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Pregnancy Discrimination Act - An Overview

Pregnancy Discrimination Act - An Overview

The PDA amends Title VII to prohibit an employer from treating pregnancy, childbirth, or related medical conditions any differently than it treats other temporary disabilities for purposes of employment, including hiring, firing, promotion, seniority, leaves of absence, benefits, pay increases, and other terms or conditions of employment.

The PDA does not require employers to treat pregnant employees in any special manner with respect to employment-related matters, to establish any new programs where none currently exists, or to provide pregnancy-related disability leave to any employees.


Employers with at least 15 employees on each working day in each of 20 or more calendar weeks in the current or preceding calendar year are covered by the PDA.  In addition, an employer with a significant number of part-time employees might be covered, even though fewer than 15 individuals are scheduled to work on any one day.

Pregnancy Leave

An employer may not pre-establish the following.

  • A mandatory beginning date for maternity leave (e.g., beginning of third trimester).  An employer cannot force an employee to take time off for pregnancy or a pregnancy-related condition, unless the condition prevents the employee from being able to do her job. 

  • A length of time for maternity leave (e.g., at least four weeks after the birth).  A woman who has given birth must be allowed to return to her job when she can perform it if other employees who have been absent because of a temporary disability are allowed to return to work as soon as they are able.  If a doctor's statement is required to establish return dates for pregnant workers, a similar statement must be required for employees on disability leave for other reasons.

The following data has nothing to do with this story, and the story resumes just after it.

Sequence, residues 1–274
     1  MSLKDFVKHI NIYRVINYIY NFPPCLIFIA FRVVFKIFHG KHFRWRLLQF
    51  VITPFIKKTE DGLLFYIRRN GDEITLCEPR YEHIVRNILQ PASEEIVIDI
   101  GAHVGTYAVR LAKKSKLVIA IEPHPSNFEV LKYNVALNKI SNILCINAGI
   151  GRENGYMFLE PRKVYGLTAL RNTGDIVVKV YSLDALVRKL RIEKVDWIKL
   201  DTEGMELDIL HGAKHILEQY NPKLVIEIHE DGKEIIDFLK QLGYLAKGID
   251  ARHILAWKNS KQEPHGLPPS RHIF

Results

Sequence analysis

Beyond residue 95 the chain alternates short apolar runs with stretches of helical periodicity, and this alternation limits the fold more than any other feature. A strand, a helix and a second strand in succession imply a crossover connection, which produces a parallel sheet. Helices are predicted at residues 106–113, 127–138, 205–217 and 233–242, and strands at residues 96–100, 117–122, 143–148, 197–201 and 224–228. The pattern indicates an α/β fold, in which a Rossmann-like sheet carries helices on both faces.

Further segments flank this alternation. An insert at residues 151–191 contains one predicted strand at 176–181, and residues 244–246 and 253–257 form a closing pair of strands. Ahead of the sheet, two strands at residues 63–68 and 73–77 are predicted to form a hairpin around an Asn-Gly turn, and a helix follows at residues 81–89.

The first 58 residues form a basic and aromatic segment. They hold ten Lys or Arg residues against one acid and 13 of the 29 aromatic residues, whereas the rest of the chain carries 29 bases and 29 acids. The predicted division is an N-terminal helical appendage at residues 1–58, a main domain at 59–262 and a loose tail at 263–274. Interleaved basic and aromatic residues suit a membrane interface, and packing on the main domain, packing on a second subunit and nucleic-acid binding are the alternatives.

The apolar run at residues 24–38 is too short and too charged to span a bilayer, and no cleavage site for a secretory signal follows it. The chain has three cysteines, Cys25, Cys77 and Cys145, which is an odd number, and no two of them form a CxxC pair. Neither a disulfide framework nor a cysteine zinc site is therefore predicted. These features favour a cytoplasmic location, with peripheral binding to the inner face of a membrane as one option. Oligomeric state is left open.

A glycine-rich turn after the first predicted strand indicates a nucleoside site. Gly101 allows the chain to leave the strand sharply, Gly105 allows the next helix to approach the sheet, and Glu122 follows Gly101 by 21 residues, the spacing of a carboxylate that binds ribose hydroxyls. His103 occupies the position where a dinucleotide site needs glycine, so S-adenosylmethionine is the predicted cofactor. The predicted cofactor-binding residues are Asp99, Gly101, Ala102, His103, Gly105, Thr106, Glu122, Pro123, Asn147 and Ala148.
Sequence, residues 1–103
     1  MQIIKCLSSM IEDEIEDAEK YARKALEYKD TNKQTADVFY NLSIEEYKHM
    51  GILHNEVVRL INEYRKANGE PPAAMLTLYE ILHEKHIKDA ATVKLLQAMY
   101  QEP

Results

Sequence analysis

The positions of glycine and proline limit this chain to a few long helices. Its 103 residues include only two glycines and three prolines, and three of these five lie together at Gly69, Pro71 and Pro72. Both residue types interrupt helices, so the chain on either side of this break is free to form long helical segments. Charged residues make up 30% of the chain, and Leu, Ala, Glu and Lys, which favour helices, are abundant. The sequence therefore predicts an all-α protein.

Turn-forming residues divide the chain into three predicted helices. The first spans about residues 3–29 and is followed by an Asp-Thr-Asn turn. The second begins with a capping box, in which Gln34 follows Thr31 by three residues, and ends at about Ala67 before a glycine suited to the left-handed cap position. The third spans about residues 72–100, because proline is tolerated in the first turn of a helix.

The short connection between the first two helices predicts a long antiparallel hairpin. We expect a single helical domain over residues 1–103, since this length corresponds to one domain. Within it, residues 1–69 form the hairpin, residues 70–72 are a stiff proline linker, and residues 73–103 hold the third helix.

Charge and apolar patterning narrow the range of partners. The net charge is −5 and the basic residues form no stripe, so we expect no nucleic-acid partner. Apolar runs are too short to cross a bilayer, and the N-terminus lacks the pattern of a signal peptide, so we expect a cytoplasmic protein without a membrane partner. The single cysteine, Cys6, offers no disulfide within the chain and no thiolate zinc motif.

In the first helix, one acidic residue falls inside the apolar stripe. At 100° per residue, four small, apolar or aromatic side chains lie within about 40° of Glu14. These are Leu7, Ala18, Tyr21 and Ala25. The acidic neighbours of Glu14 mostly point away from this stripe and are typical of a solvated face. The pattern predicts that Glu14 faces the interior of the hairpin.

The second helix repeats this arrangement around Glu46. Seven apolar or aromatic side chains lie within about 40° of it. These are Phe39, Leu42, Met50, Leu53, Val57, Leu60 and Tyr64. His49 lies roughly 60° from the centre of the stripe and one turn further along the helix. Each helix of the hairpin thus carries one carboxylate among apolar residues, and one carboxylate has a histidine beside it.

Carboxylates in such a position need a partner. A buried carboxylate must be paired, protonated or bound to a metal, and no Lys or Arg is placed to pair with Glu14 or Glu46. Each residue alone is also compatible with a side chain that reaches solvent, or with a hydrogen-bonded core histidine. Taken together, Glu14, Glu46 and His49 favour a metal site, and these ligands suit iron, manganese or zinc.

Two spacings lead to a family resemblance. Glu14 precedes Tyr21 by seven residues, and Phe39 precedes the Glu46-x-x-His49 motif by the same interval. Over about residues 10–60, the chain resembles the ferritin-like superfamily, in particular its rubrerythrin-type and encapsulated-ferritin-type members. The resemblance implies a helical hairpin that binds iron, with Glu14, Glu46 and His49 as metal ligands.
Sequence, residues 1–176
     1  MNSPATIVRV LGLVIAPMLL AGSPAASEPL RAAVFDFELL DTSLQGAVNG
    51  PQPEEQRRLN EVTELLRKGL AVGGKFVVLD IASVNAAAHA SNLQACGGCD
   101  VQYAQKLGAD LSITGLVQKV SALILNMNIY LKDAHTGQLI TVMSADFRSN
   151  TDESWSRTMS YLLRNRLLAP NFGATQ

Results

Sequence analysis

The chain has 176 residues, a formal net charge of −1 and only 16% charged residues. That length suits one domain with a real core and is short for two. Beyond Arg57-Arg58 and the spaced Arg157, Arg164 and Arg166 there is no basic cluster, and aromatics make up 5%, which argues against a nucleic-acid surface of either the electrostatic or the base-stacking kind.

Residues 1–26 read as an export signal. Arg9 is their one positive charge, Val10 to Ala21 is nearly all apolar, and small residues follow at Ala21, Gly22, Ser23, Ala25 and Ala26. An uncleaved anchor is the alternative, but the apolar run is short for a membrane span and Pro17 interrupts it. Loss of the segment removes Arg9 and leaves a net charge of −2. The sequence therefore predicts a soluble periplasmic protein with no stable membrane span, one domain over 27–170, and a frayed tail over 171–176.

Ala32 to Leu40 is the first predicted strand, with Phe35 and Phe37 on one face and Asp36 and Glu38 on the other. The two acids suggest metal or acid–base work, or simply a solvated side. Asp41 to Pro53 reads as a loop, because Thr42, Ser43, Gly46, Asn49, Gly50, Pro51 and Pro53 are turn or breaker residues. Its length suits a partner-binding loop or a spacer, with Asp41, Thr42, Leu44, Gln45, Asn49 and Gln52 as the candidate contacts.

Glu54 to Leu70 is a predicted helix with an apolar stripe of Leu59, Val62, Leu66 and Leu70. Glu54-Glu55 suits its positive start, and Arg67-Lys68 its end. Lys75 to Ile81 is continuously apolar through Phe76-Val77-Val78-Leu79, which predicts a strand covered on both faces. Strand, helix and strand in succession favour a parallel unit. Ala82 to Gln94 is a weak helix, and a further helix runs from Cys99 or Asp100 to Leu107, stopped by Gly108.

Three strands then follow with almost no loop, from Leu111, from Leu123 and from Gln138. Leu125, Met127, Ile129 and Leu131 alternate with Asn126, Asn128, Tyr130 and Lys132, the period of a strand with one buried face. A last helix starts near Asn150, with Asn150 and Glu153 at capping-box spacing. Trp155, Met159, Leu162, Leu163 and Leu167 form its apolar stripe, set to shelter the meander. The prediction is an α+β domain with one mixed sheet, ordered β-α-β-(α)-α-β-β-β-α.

Reinstatement rights of women on leave for pregnancy or pregnancy-related reasons are protected to the extent employees on other types of disability leave have such rights.  Such rights include return to the same or an equivalent position, seniority, and retirement benefits.


Any benefits provided to employees with temporary, long-term, or permanent disabilities must also be available to employees disabled by pregnancy-related conditions.  Examples: paying disability benefits, health and life insurance premium payments, pension accrual, and profit-sharing plans.

If an employer offers different health plans for employees to choose from, each plan must cover pregnancy-related conditions and the deductible for such conditions must be the same.

If an employer's insured health plan denies coverage for pre-existing conditions, that plan may deny coverage for a pregnancy that exists at the time that the coverage became effective.  However, an employer is prohibited from applying any such limit differently for pregnancy-related conditions than for other medical conditions.

The PDA does not require that an employer health plan provide dependent or spousal coverage.  If a plan restricts coverage to employees, additional coverage is not required.

If the medical expenses of employees' spouses are covered under the employer's plan, pregnancy-related expenses of a male employee's wife must receive the same coverage.  However, a pregnant spouse does not necessarily have to receive the same coverage as a pregnant employee.


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